I think there is a very frequent mistake in these discussions, often by very well intentioned people, in that they confuse race and culture. For example, I am of Dominican/Hispanic descent but culturally, I am not especially different from any other white American around. I would say much the same about my brother who is came out more brown skinned than me. I would be reluctant to speak on behalf of our friend nel, but comments she has made in the past would suggest that she would probably say the same about - she may have come from Indian descent, but culturally she is American. My oldest friend is a dark-skinned Haitian man who knows American and Western culture better than most Americans - he can rattle off all of the great authors of the Western literary canon, classical composers, Western painters, Etc.Primula Baggins wrote: I'm involved in some discussions on Twitter and elsewhere about culture in general; right now science fiction and fantasy are undergoing (and rightfully so) kind of a convulsion on this point—is it enough to put brown people into works written by white people who are not intimately familiar with the cultures in question? Should white writers even try, or is that appropriation of culture and erasure of writers of color?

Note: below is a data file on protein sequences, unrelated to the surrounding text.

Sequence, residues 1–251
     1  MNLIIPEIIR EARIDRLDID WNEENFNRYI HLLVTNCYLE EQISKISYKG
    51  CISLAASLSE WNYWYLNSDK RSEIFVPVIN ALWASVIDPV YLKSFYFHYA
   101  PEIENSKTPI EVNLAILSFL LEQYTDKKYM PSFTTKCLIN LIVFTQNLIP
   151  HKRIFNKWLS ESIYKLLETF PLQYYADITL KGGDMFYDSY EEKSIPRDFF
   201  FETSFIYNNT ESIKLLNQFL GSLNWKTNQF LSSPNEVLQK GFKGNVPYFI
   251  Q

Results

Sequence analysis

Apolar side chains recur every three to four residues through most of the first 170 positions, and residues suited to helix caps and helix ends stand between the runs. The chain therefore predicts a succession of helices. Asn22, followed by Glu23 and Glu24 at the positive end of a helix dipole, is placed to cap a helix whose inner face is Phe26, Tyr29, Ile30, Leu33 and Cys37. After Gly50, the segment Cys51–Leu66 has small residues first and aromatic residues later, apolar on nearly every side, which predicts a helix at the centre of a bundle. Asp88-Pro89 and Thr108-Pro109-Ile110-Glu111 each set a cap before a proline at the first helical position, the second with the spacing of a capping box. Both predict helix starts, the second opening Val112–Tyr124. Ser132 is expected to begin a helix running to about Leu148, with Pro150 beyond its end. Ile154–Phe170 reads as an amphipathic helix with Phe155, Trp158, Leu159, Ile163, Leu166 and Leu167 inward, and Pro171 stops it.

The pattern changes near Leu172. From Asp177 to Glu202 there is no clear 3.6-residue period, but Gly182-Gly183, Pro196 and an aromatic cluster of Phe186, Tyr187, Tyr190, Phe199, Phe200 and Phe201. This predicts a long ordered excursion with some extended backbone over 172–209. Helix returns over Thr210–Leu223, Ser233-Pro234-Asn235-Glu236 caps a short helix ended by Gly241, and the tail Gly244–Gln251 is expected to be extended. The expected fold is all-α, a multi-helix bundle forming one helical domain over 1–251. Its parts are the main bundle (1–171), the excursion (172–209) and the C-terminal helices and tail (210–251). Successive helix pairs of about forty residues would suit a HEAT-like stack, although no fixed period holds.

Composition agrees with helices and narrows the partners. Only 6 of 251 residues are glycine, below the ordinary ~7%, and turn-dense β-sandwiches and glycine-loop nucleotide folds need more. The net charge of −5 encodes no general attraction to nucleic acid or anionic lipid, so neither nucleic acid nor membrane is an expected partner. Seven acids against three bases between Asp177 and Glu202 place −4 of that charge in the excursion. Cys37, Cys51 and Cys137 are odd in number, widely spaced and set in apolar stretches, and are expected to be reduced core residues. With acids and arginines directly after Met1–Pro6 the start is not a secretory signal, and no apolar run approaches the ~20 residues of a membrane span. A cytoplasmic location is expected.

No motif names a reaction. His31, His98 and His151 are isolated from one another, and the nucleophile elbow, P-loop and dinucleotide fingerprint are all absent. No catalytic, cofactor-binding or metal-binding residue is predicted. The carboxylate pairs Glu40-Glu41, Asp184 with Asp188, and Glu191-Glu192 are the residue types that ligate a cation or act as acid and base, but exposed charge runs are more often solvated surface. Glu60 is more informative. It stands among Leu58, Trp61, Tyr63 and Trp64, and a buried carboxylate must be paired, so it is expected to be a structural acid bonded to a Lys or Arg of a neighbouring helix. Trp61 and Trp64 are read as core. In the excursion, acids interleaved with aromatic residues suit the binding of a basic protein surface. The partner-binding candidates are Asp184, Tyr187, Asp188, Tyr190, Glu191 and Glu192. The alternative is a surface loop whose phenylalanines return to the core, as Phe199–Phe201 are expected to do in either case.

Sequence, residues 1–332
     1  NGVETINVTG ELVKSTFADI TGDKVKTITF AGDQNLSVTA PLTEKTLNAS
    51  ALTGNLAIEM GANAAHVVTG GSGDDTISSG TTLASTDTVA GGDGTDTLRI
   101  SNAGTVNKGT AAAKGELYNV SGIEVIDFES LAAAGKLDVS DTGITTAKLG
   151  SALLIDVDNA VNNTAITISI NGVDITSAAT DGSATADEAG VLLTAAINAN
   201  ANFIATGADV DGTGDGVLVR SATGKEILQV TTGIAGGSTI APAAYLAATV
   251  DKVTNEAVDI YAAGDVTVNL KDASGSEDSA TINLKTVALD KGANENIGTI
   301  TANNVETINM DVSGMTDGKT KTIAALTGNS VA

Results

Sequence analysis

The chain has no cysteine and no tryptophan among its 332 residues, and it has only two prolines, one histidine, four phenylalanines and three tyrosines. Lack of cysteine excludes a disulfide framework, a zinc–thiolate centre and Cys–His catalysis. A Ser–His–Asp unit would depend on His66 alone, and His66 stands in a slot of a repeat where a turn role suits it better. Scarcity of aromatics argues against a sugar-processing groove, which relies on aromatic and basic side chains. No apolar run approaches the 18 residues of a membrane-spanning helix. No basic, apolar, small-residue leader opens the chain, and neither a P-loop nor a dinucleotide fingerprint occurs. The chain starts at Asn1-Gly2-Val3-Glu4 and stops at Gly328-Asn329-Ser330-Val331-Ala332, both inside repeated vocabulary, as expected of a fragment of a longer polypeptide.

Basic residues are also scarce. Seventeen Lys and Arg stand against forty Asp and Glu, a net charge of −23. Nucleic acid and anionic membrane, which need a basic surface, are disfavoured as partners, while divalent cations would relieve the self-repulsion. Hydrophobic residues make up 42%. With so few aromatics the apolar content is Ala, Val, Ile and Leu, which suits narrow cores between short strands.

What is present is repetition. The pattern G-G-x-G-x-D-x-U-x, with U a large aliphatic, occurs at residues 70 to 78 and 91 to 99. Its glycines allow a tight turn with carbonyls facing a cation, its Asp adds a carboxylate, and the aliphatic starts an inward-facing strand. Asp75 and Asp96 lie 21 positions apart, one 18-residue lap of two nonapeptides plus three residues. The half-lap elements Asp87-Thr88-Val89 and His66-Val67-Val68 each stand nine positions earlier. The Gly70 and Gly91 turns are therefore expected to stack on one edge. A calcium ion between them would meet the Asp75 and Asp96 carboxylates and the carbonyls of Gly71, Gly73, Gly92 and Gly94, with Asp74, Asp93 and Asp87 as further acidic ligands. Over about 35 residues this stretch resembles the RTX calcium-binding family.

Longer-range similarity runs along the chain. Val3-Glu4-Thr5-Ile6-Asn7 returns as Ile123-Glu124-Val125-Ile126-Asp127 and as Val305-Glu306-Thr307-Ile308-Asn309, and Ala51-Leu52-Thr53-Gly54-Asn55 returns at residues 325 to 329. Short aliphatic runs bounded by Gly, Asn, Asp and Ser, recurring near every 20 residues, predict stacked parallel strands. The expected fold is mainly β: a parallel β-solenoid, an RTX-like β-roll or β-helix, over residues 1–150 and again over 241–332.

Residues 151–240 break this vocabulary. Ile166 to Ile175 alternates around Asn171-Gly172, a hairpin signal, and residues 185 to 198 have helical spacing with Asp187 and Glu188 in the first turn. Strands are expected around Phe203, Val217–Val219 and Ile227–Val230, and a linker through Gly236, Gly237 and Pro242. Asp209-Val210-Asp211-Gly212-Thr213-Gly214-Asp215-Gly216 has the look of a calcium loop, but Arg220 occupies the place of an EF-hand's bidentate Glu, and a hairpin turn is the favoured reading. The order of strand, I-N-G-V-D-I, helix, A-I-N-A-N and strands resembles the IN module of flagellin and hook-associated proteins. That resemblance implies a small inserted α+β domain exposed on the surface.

In my opinion, the idea that white people should not write brown people just emphasizes the idea that brown people and white people are somehow innately different. This is essentially the definition of racism. While it is fair to say that there are aspects that a white person would not be able to identify with or fully understand, unless your story is specifically dealing with racial issues, anyone should be able to write anyone of any race. Much the same way that man should not feel uncomfortable writing women. The trick for either is simple - write them as if they are humans.